Research shows drains combat Wheatbelt salinity but caution needed
Released 24 Jul 2008
Ongoing research by the Department of Water has found deep drains can be effective in helping counter salinity on farms in the Wheatbelt.
Preliminary findings from the Department's Engineering Evaluation Initiative (EEI) reveal that farmers need to be very clear from the start about what they want to achieve with drainage. Drains might not be effective in all cases; downstream impacts need to be considered; and ultimately, drains might be too costly an option.
"The department's Director of Water Resource Management John Ruprecht said departmental research indicated that drains planned and designed to suit local conditions and soil types can effectively lower water tables and allow protection or reestablishment of vegetation or crops.
Mr Ruprecht said the EEI study also found there could be problems with acid groundwater produced by drains in some areas, and that there are environmental risks associated with disposing of water from most drains.
The work forms part of the department's ongoing investigations into the use of engineering methods to counter salinity in the Wheatbelt, and was a priority project under the National Action Plan for Salinity and Water Quality, jointly funded by the Western Australian and Australian Governments.
Thirteen projects have been carried out under the initiative to investigate the effectiveness of engineering solutions to combat salinity in the Wheatbelt.
The projects investigated methods such as deep drainage, groundwater pumping, and farm-scale evaporation basins to help farmers better manage salinity at Dumbleyung, Tammin, Bodallin, Pithara, Morawa, and Beacon.
Research also evaluated the effect on receiving environments of acid and saline drain discharge, and the most effective methods of treating and managing the waters that come out of such drains and pumping projects.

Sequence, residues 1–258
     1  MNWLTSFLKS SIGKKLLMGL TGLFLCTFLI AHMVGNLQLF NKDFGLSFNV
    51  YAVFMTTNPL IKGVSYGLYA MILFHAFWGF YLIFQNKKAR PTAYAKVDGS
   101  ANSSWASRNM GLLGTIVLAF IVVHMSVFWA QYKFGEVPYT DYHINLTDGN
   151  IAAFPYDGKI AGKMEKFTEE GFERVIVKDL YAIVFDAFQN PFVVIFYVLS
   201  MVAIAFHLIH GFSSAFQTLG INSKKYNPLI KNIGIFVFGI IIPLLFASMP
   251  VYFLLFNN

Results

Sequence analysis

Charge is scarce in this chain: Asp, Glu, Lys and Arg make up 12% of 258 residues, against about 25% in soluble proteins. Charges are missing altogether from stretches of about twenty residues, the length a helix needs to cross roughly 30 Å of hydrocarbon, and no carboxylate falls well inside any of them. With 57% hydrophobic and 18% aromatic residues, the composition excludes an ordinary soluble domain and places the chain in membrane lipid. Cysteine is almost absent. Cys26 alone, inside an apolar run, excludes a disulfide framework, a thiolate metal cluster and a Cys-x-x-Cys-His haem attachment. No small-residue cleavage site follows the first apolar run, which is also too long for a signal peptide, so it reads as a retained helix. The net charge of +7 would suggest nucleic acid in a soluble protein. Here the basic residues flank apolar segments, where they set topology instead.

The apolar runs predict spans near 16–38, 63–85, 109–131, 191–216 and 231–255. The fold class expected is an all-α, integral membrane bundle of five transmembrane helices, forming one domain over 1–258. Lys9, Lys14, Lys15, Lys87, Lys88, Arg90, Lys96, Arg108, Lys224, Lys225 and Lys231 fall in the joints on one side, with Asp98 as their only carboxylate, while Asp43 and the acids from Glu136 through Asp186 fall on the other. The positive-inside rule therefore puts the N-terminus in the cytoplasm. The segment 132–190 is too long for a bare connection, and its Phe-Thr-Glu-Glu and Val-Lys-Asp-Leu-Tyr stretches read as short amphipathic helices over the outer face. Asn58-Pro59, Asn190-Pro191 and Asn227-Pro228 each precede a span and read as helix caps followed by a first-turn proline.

"This has been a very thorough investigation into the effectiveness of drains to counter salinity," Mr Ruprecht said.
"It included drains up to three metres deep and extending for 22 kilometres, with water from two of the drains collected in evaporation ponds.
"There's no doubt that digging deep drains to counter salinity can work.
"At our Dumbleyung study site, for instance, monitoring showed that groundwater levels were lowered adjacent to the drain, and the water discharged by the drain was removing salt.
"The EEI has also demonstrated that when planned properly with a clear objective, drains can significantly lower the water table enough up to 250 metres away."
Mr Ruprecht said that unfortunately, digging drains was also expensive, and some farmers baulked against drainage as an option for managing salinity because of this high cost.
He said farmers needed to determine issues such as whether they wanted to lower the watertable across a catchment, or make specific saline sections of paddocks grow crops again, and where to dispose or manage the waters from a drain.
"Several thousand kilometres of deep and shallow drains have been constructed in the Wheatbelt in recent years, but until now, no-one has scientifically looked at how effective they are, what precautions should be taken, and the dangers involved in simply moving salty water from a salinity-affected farm further downstream or into a neighbour's land.
"This sort of salinity research and development is important to ensure that property owners can decide how best to spend their money and time to fix salinity on their land, without creating potentially worse problems downstream.
"One of the messages to arise from the EEI is that engineering solutions such as deep drainage are really only one tool in our toolbox when it comes to managing groundwater levels and fighting salinity."
The Engineering Evaluation Initiative is drawing to a close and four final reports on deep drainage are being compiled along with the findings of another nine EEI projects.
Contact: Peter Collins
Phone: (08) 6364 6848 / 0434 603 441